Equal Time Fall 2019

Page 32

What happens when the closet feels safer than a confessional? Story by DANNY DACUS | Illustrations by SOPHIA HAUTALA

The intersection of religion and sexuality is consistently an area of contention. Looming fears of conversion therapy, disownment, and disdainful Leviticus quotes conflict with the affirmation that “God makes no mistakes.” Churches have made headlines both for accepting and rejecting LGBTQ+ individuals, but no two experiences are exactly alike. For many people, religion and sexuality are deeply personal aspects of their identity. Take Syracuse University freshman Audrey Liebhaber, a Reform Jew from a fairly religious home. Until two years ago, she kept her sexuality hidden from her family. She came out to her sister first, who wasn’t surprised. But she says that her parents, while supportive, took it much harder. Luckily, they’ve become more accepting over the years, something Liebhaber is grateful for. SU sophomore Jennifer Kim was also hesitant to tell her parents. She came out to her dad as he dropped her off at college her freshman year and was pleasantly surprised when he took it well. “My parents aren’t homophobic at all, my roommates are gay and bi, and they never questioned it with my friends, but I always felt they probably wouldn’t like it if their own kid was bi,” she says. While coming out to her father turned out better than she expected, 30 | EQUALTIME FALL 2019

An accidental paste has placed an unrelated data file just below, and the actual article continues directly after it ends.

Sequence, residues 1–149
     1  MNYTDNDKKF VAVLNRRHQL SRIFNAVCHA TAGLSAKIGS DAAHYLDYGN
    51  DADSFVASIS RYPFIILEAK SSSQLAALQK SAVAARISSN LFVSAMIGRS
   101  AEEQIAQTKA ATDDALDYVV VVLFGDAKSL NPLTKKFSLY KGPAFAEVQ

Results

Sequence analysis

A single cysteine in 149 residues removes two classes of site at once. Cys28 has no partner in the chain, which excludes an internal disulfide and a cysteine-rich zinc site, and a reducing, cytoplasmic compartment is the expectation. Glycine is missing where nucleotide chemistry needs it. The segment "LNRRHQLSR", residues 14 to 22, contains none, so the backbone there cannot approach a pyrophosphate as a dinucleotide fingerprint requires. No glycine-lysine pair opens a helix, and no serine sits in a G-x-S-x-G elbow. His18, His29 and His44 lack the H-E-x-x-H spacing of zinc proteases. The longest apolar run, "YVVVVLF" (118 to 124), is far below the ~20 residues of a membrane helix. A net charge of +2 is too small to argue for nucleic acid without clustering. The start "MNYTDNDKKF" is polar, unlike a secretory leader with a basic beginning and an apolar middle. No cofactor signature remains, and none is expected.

Kim says she’s still not out to her mom. “I lead a double life with my sexuality,” she says. For many, religion is a place of solace, but for Kim, it’s one of worry and doubt. Her home life centered around religion, as she grew up in a Korean Catholic household with parents who were heavily involved in the church. “My dad was even part of the church council and handles a lot of the stuff in our church like budgeting and projects,” Kim says. “We have crosses in our house, and we go to church for holidays like Christmas and Easter. We also have had our priest over for dinner a lot.” Kim says that many kids in her parish, including those her age, are fairly accepting of LGBTQ+ individuals. But she never discussed LGBTQ+ affairs with any adults, much less came out to them, aware of the fact that they would likely be homophobic. “I was generally just scared of bringing up LGBT-related topics in church because the Catholic church is notorious for being problematic, especially with homophobia… I don’t think it was actively preached, but I knew Catholicism generally looked down on homosexuality,” Kim says. After coming to terms with her sexuality, Kim felt less attached to the Catholic church’s teachings; she now